Tuesday, August 18, 2015

As You Like It by William Shakespeare

I saw this one live with my family at Theatricum Botanicum. I wrote about the venue in my previous review of All’s Well That Ends Well

Rosalind and Celia
Picture from the promotional materials.

This play is one of Shakespeare’s trio of lighthearted comedies written between 1598 and 1599. (The others are Much Ado About Nothing and Twelfth Night.) After that, his plays took a darker turn.

Like the earlier A Midsummer Night’s Dream, this play is set primarily in a forest. A utopia, perhaps, far from the corruption of city life. Of course, not all is well with Oberon and Titania, and not all is well in this play either.

The old duke has been banished by the usurping new duke, so he takes refuge in the forest of Arden, “like Robin Hood,” as one character puts it. There he abides, enjoying his pastoral lifestyle.

In the meantime, the young gentleman Orlando, persecuted by his older brother Oliver, flees to the forest - as does the old duke’s daughter, Rosalind, who is banished by the new duke. Joining Rosalind is the new duke’s daughter Celia, who is fast friends with Rosalind. To avoid the trouble attendant on being two young ladies traveling unaccompanied, they disguise themselves. Rosalind becomes a young man, “Ganymede,” while Celia becomes “his” servant. The court jester, Touchstone, eventually comes along with them.

This is a pretty common Shakespeare ploy: a young woman disguising herself as a man. Of course, in his day, all parts were played by males, so you really had a young man playing a woman pretending to be a young man. Ah, the gender-bending 16th Century.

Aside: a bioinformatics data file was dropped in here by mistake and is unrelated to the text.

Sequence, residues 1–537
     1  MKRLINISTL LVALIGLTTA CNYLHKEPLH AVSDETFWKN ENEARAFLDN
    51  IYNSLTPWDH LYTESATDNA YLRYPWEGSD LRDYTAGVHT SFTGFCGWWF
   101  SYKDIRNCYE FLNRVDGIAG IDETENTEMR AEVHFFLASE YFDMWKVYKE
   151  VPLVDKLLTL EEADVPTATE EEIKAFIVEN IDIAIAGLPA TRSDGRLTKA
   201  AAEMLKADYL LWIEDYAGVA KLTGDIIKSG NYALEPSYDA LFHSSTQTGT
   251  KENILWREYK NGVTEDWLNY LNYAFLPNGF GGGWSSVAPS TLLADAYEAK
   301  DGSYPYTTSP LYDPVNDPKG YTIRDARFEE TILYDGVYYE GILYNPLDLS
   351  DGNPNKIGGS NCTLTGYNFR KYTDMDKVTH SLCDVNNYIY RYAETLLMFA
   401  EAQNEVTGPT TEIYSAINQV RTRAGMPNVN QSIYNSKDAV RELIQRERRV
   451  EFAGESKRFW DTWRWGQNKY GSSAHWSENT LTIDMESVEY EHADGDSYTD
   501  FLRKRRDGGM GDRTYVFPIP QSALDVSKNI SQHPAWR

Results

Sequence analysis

As might be expected, much hilarity ensues, and several memorable speeches.

The most well known is that of Jaques, the dour counterpart to Touchstone. “All the world’s a stage…”

As is often the case in Shakespeare’s plays, many of the best quotes go to the jesters, or in the case of Jaques, the anti-jester.

Touchstone is constantly clowning, but his seemingly silly speeches contain a grain of truth. As he puts it, “The more pity that fools may not speak wisely what wise men do foolishly.” Even in our own era, the role of the jester - the satirist, perhaps - is to point out the foolish behaviors of the “wise.” (Perhaps, one might say the “powerful,” as these are those to whom Touchstone refers.)

Of all of Touchstone’s speeches, perhaps the best is his spoof on the art of courtly insult and the practice of dueling. The degrees are taken from Brewer’’s Dictionary of Phrase and Fable, but with a humorous twist.

But, for the seventh cause; how did you find the
quarrel on the seventh cause?

Upon a lie seven times removed:--bear your body more
seeming, Audrey:--as thus, sir. I did dislike the
cut of a certain courtier's beard: he sent me word,
if I said his beard was not cut well, he was in the
mind it was: this is called the Retort Courteous.
If I sent him word again 'it was not well cut,' he
would send me word, he cut it to please himself:
this is called the Quip Modest. If again 'it was
not well cut,' he disabled my judgment: this is
called the Reply Churlish. If again 'it was not
well cut,' he would answer, I spake not true: this
is called the Reproof Valiant. If again 'it was not
well cut,' he would say I lied: this is called the
Counter-cheque Quarrelsome: and so to the Lie
Circumstantial and the Lie Direct.

And how oft did you say his beard was not well cut?

I durst go no further than the Lie Circumstantial,
nor he durst not give me the Lie Direct; and so we
measured swords and parted.